…Close the loop on customer surveys
Last month, I wrote a post which suggested that you stop guessing what your customers were thinking and instead (dramatic pause for novel thought) you just asked them. I offered up several different ways you could “survey” your customers from traditional surveys to secret shopping and advisory boards.
But… what I forgot to mention was this:
When you ask your customers (or employees, or vendors) for their opinion or assessments – be sure you close the loop by telling what you learned. Let them share in the insights you gained AND tell them what you are going to do with this new knowledge.
Let’s say that one of the key pieces of feedback you got was that when your customers couldn’t get a hold of their normal account rep, they didn’t know who else they could talk to if there was a problem.
One way to handle that would be to create a contact sheet (headshot, name, title, phone number, cell phone number, e-mail, etc.) of the entire team that works on the client. Write a letter, explaining that this was something you learned during the survey, so you’re sharing this contact sheet with them in case they were one of the people who wasn’t sure who to reach out to if there was trouble.
It doesn’t have to be fancy or formal. A letter from your CEO with these elements would also work just great.
- Thank you for participating in our survey if you did
- Here were the things you loved the most (share the good news too!)
- Here are the top 3 things we learned we could improve upon
- Here is how we’re going to address those items
- Again, thank you. If you have more feedback, please feel free to call me.
You could also write a story for your newsletter or put it on your blog, website or Facebook fan page. No matter what method — be sure you close the loop and let them know that you appreciated their time and that they were heard.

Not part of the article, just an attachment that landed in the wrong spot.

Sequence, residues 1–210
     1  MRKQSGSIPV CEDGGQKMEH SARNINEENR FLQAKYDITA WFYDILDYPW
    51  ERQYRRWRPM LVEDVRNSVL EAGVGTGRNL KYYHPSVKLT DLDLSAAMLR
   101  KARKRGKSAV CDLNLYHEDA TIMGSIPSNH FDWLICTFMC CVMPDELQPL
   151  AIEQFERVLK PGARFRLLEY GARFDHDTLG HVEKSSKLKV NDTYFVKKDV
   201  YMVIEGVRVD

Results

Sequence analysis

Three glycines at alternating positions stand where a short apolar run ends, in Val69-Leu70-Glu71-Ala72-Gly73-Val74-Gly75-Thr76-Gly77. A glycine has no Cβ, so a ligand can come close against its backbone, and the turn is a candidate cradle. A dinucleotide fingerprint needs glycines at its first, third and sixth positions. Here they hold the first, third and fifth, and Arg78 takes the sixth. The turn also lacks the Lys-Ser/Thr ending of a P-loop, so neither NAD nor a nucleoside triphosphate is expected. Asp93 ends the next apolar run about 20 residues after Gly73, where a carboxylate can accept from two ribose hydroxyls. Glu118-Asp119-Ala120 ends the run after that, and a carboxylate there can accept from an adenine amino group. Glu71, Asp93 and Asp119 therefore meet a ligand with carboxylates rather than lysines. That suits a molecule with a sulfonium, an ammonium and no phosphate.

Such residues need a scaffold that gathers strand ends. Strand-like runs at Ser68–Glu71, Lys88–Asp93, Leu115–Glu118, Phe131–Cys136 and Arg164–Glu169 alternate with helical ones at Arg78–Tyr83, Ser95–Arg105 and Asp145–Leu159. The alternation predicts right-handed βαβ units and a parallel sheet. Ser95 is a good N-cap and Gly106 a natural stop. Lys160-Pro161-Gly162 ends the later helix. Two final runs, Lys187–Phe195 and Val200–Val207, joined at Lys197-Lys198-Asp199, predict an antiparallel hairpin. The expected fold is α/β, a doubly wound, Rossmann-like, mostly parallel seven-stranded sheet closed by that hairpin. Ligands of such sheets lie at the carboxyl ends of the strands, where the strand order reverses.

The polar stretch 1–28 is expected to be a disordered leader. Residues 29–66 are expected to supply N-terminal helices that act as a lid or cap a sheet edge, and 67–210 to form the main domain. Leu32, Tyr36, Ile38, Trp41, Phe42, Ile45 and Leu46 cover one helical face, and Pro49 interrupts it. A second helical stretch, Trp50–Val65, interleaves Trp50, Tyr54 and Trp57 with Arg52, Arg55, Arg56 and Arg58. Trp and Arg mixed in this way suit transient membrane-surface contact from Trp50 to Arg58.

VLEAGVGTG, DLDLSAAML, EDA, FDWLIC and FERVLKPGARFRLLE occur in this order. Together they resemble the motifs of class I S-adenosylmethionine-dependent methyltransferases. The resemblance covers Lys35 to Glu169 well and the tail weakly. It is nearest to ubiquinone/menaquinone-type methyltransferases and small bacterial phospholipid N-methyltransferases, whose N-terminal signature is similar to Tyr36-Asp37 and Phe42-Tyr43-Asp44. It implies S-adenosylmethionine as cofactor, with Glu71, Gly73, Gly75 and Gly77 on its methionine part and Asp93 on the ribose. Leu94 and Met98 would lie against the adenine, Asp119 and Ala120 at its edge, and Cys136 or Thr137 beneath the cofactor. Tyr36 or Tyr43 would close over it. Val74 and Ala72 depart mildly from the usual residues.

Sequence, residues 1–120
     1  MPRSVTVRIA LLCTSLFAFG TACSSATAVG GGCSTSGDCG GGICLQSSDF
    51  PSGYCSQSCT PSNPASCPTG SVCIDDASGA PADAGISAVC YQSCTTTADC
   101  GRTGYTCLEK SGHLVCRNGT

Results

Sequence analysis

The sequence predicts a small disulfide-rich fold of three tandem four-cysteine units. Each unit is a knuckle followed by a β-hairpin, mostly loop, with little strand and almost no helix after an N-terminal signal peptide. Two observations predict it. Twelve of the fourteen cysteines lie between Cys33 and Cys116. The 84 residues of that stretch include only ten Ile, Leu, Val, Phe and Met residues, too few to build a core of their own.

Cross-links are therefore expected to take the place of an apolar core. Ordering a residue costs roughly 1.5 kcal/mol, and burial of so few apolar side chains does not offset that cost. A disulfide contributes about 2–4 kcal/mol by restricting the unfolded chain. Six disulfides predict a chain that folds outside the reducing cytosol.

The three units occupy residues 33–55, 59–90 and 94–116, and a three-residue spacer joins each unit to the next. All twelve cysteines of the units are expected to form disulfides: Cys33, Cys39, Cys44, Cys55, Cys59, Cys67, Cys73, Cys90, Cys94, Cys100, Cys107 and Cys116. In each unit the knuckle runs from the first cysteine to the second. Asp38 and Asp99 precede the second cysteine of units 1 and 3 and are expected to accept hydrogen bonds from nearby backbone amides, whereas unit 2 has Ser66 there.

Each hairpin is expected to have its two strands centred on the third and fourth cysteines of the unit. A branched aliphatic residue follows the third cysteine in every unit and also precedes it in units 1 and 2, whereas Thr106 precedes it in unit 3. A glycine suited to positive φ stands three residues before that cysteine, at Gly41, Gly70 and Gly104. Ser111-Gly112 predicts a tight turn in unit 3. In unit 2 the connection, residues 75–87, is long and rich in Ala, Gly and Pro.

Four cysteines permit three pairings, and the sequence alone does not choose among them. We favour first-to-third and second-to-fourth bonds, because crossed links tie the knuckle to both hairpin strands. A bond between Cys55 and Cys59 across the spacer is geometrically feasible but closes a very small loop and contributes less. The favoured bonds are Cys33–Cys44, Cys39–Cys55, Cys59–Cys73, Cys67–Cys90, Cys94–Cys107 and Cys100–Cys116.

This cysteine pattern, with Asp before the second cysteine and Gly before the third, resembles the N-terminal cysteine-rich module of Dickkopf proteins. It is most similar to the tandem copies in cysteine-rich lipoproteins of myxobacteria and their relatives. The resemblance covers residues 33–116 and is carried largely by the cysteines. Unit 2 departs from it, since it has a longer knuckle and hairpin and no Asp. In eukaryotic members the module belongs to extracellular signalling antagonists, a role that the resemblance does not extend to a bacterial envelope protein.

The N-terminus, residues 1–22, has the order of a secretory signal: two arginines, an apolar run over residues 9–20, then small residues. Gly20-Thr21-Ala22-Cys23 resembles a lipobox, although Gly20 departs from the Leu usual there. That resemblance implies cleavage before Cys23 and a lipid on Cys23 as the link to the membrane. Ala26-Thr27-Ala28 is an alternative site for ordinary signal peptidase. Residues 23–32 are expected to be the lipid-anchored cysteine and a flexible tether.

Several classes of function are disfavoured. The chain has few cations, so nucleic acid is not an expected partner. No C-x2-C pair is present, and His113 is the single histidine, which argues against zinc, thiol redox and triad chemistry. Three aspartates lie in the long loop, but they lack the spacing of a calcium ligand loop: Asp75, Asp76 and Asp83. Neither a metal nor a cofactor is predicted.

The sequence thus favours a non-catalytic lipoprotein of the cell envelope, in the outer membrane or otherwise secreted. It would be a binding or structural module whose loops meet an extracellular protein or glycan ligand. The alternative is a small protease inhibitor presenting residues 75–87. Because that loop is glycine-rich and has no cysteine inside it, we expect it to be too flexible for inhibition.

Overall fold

P.S. The other plus of closing the loop is that it reinforces the message that you care about their opinion, you listen when they offer feedback and you are always trying to get even better.
I agree. Surveys are a great way to get input from your clients. However, sometimes survey’s are like putting a bowl of cookies on the table in front of people….. they wait to reach out and get one until someone else does first. By informing people of responses you’ve received from your survey will most certainly generate more responses! Thanks for all the great topics Drew!
Great post here. You make a wonderful point about making sure to let your customers know that you are actually using the feedback that they are providing you.
Our company has been helping clients collect and measure their customer feedback for over 20 years and we always push our clients to share their results.
Nothing frustrates a customer more than when they take the time to share their feedback only to see it archived and not utilized.
I thoroughly enjoyed your post. It coincided with an article in our major daily this morning that said Toyota does a poor job of integrating customer feedback. The unwillingness to incorporate findings showed a structural problem within the company.
If Toyota didn’t understand the value of listening before…they should now!
Some companies are reluctantly accepting the fact that a customer-centric business approach is the only way to conduct business. This is not a trend but the new order.
Thanks again for the post.
You can view the article at http://www.chron.com.
Nice post, Drew. I’ve given it a shout out on The Radical Ear. http://bit.ly/maxl1q
Customers are the lifeline of all businesses and knowing what they think about you, your company, and / or your offered services should be one of an organization’s top concerns.
The typical survey will not do. Your survey should be direct and effective enough. This is where closing the loop comes in handy.
Closing the loop on customer surveys will save both the surveyor and the surveyee’s time. You’ll be more direct and you’ll get a more sincere response.